The event “Christmas Mission” at UCU gathered some 200 children of deceased Ukrainian soldiers who, at the invitation of volunteers, traveled to Lviv from four regions of Ukraine: Lviv, Volyn, Ivano-Frankivsk, and Ternopil.
The day’s program included an excursion on a “wonder train,” a chocolate workshop, Lviv shops and the history of this venerable city, and then a meal at the dining hall of the Ukrainian Catholic University. The guests then sang Christmas carols in the University Church of the Holy Wisdom of God with the Pikkardiyska Tertsiya and the Ternopil group Halychany. They also took part in a master-class in psychology.
16-year-old Marian and 13-year-old Liliya Kuromanskyi traveled from Berezhany, Ternopil Region. They have lived for more than a year without a father. Sergeant Bohdan Kurmanskyi died in an accident on 15 October 2015 when a moving column of military equipment near the village of Oleksiikvo, Poltava Region, including a tank of the Ural division, collided with a tractor standing at the side. Bohdan died from the trauma he received.
Marian likes soccer and basketball and dreams of becoming a soccer player. He met Andriy Yarmolenko, a Ukrainian soccer player, a midfielder of a joint Ukrainian group and Dynamo (Kyiv). Liliya dances in the Ekstravahant ensemble, dreams of jeans and a sports uniform, and also wants to visit Croatia.
Both enjoyed their trip to Lviv. Both would like to become volunteers. Liliya wants to help children without fathers and Marian wants to help families whose fathers are in the war. They see that it’s not easy to be volunteers but it’s important to be good, honest, and open to others.
Sofiika Haiichuk of Ternopil has visited Lviv before. This time she came with her mother and brother. She particularly liked the chocolate workshop. Her mother is a volunteer and the girl helps sometimes: “It can be a little difficult when you have to unload a truck. I myself helped put items in order, including some clothes,” explains Sofiika.
The event was organized thanks to the cooperation of volunteers from Great Britain and Ukraine. The initiator of the meeting is a volunteer from London, Iryna Esteves, a representative of the Ukrainian diaspora, in cooperation with the charitable organization Ukrainian Charity. She helps not only the Ukrainian army but collects funds for medicine for sick children and supports the children’s building Pilihrym in Mariupol, where children of refugees and children from needy families live.
“Volunteering is a way of life. When I see a problem, I want to help. Every person who cares can become a volunteer. I have a job, a family, but I can’t remain on the sidelines regarding events in Ukraine. There are so many tragic stories of soldiers who have died. Ukraine has suffered such losses in these three years! Each invited family has its own story. I work as a teacher and I give the money I make to charitable causes. Many Ukrainians abroad do this, because the fate of our people is painful to us,” admits Iryna Esteves.
She is a parishioner at the Greek-Catholic church in London and this is not the first year she’s been fundraising for the needs of Ukrainian soldiers through a volunteer network in various regions of Ukraine. She asked UCU to help organize this event.
“We were moved, and very happy, that we had the honor to greet the members of the families of our soldiers. We work in various areas: humanitarian aid, military-medical needs, chaplaincy in a military hospital, in order to support people who have suffered loss. These losses call us all to unite, reflect, open ourselves up, and leave behind the narrow box of selfishness. We gladly welcome such events and will take part in them also in the future,” explains Fr. Petro Terletskyi, PhD, the coordinator of UCU’s Volunteer Corps.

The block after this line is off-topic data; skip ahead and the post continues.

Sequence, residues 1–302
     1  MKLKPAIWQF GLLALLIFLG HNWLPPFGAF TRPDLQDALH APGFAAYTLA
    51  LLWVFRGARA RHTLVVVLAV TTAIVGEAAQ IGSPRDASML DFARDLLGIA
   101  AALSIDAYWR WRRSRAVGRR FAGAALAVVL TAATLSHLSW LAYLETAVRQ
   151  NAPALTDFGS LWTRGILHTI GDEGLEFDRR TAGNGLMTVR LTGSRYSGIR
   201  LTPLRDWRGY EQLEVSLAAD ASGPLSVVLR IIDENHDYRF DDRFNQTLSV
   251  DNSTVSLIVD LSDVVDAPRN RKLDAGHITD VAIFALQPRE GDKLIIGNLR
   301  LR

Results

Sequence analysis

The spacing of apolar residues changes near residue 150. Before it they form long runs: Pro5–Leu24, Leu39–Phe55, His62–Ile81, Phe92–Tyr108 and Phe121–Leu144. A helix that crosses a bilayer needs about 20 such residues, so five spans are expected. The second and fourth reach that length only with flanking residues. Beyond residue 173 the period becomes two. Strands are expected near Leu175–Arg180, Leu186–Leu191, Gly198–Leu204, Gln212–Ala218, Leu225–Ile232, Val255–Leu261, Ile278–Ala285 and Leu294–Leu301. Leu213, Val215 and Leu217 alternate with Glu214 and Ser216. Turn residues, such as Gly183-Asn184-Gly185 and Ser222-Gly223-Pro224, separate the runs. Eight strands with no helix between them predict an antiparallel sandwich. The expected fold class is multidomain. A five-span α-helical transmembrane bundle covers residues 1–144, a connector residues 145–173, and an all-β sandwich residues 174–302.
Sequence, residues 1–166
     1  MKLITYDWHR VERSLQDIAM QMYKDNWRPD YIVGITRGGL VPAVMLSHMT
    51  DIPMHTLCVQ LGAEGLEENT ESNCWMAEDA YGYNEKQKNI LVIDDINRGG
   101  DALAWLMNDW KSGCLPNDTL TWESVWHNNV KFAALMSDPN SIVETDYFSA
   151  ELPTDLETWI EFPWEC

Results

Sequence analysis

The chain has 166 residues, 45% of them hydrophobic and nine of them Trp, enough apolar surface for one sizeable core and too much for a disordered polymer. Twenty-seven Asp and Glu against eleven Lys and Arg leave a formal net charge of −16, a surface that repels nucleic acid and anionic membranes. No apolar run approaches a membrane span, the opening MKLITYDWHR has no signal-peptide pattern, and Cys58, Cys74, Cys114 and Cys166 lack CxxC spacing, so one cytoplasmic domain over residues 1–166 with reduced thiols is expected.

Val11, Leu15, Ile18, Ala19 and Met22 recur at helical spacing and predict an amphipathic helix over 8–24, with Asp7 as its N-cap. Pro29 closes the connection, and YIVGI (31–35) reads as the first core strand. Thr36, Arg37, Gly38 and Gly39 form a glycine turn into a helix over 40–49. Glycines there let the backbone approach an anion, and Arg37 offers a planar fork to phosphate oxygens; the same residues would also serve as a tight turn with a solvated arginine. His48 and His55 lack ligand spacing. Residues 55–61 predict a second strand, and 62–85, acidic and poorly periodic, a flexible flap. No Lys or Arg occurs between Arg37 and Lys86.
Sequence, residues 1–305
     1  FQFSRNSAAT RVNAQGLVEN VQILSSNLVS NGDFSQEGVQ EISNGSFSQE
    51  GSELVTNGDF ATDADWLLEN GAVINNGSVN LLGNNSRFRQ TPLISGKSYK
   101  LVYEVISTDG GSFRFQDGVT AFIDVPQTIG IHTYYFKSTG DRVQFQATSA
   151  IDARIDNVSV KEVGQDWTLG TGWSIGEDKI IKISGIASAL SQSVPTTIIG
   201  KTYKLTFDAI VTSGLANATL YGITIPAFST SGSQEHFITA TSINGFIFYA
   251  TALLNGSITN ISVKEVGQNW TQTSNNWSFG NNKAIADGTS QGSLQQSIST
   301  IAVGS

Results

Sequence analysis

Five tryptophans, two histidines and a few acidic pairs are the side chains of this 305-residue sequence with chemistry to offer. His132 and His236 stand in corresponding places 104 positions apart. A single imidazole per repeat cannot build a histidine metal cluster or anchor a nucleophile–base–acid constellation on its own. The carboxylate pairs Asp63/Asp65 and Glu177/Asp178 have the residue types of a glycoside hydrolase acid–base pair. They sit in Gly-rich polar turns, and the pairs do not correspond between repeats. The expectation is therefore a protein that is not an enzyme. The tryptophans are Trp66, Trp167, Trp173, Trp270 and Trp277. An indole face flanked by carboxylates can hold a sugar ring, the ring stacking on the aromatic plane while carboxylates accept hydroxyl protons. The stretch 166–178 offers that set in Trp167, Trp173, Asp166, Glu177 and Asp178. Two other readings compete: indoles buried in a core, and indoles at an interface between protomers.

The most valuable thing you can give to these families is attention and solidarity, the volunteers emphasize.
Natalia Pertsovych, a volunteer from Ivano-Frankivsk, is concerned that some of her acquaintances have been left without a family provider, and one woman was left entirely alone, losing a son in the war: “It’s necessary to organize events like this, because they bring people together in their loss, their grief. People like this should gather according to the principle of the family circle. Today we brought children with their mothers. One grandmother came with children from Ivano-Frankivsk. We know the mother of a deceased soldier who is now left alone. It’s important not to leave people like this without attention. Today’s event is an important first step in a new beginning regarding the support of these families.”
This is the second time volunteers from Great Britain and Ukraine have organized an event like this. In the summer they organized a camp at a sanatorium for some 60 children of soldiers of the ATO. Children there came from the Khmelnytsk, Kharkiv, Chernivtsi, Sumy, and Ivano-Frankivsk regions.
Among the volunteers involved in this event: Iryna Esteves (London), the volunteer movement Benefactors for a Soldier (Volyn), the Logistics Center to Help ATO Fighters (Ternopil), Halyna Trach (Lviv Region), Natalia Pertsovych (Ivano-Frankivsk), and Olha Zarichynska, UCU’s Volunteer Corps.
We note that UCU’s Volunteer Corps actively participates in helping the Ukrainian army in eastern Ukraine. UCU staff and students are part of the organization. The volunteers provide humanitarian aid to soldiers and residents of occupied territories. In 2016 the Volunteer Corps prepared and gave to military divisions two mobile bathing and washing complexes. They serve as chaplains and volunteers at the Lviv Military Hospital. They were also able to provide military field hospitals with disposable medical materials and accessories.